Climate v. Politicians

(Clockwise from left to right: Jose Manuel Barroso, the President of European Commission; German Chancellor Angela Merkel; Swedish PM Fredrik Reinfeldt, French President Nicolas Sarkozy, American President Barack Obama, British Prime Minister Gordon Brown).

Minutes before this picture was taken, Obama was meeting with China, India, South Africa and Brazil, when the main elements of his accord were stamped out in a humiliating slap in face for US and Europe. The above meeting during the final hours of the Copenhagen Summit on 18th December 2009 was not behind the closed doors. As the Daily Mail mused, Gordon Brown served the appointed note-taker for the group, scribbling away furiously, seemingly struggling to keep up with Merkel. Nick Clegg pointed out the above photo in this evening’s debate, saying Brown sat on the sidelines at Copenhagen. He is only partly right: Europe and Brown were pushed out to the side by Obama and China. But I thought I might begin with that photo before seguing into a political rant on an issue (I think) I am qualified for:

I agree with Clegg (and to lesser extent Cameron) on renewable portfolio standards. I was privileged to have been part of three commissions that complied the cost-benefits analyses of nuclear and wind power. As Clegg said, nuclear just doesn’t pay off, and government subsidies are just wasteful. Europe is trying to build third generation plus reactors in trial-and-error method, which is even less cost efficient. (In Finland, their reactor’s concrete shell had to be torn down after it didn’t meet standards and the reactors is already 37 months behind schedule 45 months into building).

Don’t let scientists and politicians fool you by saying nuclear costs comparatively the same as wind and solar. It is true ONLY if the construction finishes ontime (the industry has the history of 250% delays and bond defaults), and if all special material costs remain uninflated (which they don’t) throughout the construction. In addition, there is no waste fuel processing facility in planning, and nuclear plants have security precautions that force them to stop operating in hot days (24 C and above). They are harder to get back on the grid once shut down, and need entire restructuring of the electricity grid because their output doesn’t vary (though demand does). The world produces only a third of nuclear scientists needed every year and with big plans in China, the gap will become even greater. Yes, we can overcome all of this but it will make nuclear far more costlier than say a national initiative for carbon use efficiency, which I totally support.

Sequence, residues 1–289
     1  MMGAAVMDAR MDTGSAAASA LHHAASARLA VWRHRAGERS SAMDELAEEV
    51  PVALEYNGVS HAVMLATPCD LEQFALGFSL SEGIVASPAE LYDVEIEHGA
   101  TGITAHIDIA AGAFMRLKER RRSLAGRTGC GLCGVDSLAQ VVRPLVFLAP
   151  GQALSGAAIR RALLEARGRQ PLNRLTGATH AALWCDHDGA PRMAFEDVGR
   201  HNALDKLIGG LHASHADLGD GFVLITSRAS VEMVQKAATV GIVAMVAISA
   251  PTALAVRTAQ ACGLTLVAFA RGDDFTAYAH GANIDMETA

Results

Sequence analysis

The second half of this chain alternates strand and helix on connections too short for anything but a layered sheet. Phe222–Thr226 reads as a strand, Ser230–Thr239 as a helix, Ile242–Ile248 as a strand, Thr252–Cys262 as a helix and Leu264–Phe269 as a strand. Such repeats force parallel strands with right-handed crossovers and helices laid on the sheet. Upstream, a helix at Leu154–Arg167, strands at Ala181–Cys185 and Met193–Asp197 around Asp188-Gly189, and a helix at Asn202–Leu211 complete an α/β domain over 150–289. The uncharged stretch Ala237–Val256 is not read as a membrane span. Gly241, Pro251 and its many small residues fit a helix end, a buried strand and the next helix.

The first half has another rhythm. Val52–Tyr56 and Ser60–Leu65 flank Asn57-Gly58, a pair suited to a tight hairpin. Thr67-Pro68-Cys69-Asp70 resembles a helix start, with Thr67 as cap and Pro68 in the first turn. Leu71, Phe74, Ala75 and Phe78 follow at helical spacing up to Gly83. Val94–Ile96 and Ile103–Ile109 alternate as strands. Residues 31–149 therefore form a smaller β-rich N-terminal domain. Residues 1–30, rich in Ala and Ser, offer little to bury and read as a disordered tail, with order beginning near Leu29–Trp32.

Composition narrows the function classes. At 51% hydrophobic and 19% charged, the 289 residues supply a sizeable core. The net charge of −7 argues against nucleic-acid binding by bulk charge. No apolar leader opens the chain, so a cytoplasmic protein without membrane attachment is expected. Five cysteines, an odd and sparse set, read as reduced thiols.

On windpower, onshore windpower is be a political disaster–Natural Parks and marginal constituencies won’t wear it. Noise. Vast expenses of land wasted. Agricultural aircrafts redirected. High transmission costs (from Norther Scotland, where current onshore windplants are). It too need restructuring the grid to account for intermittency of wind. Offshore wind (the proposed London array) near quickly-developing Southeast is looking good, but all three parties have their own reservations and supporters for the project (foreign investments, diversion of resources from marginals in the North) and it is going very slowly if at all.

Please don’t comment on this post with “climate change is a hoax” comments. What I am advocating for is a change towards responsible living (insulation, solar panels on roof, less carbon footprint, cheaper bills, energy diversification, technological investment) which I believe is a good thing to adhere to with or without climate change.

… and I saw this when I was in Copenhagen for the conference and thought it was witty.

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0 thoughts on “Climate v. Politicians

  1. Apart from the argument of science if AGW exists, if it is caused by man, and Climategate, why must you impose your morals on me? If you want to live a smaller footprint life, then by all means, do so. Advocate for it. But it rather goes against the freedoms of western government foundations to impose such energy regulation on how one lives. Rather dubious. Self-centered in a way.

    As far as nuclear in England goes, I can’t fathom how forcing a nuclear power plant to close for some non-proliferation/green agenda when it forced an aluminum factory to also close due to having no other source of energy for production. A smaller citizen foot print should not equate to the smaller functional skill of unemployment. Hardly civilized progress.

    Furthermore, despite the high cost of starting a nuclear power plant, one can not discount the long term bonus or economic gain of sustained high yield energy production vs. fuel, and lifetime of service over solar and wind power. Not to mention larger numbers of in state jobs across more diverse sectors.

    But that aside, why can’t those “in the know” recognize the government moral to meet the need of today as it will be built for tomorrow? Make oil, natural gas, and even nuclear more efficient and abundant. Instead, it seems, they dream a moral for tomorrow to meet the needs of a misty utopia. All the while robbing taxed Peter to pay subsidized Paul. Hardly moral ground at all.

  2. A friend passed me a link to your blog and I’m loving it… was surprised and pleased to see via this post that we work in similar fields. Now I’m curious – what’s your day job?

    1. although i liaised in an environmental policy group for pre-copenhagen, my day job can be boringly described as something along the lines of civil service for a western government. sorry for being vague, but i like to keep some distance between this blog and my personal life.

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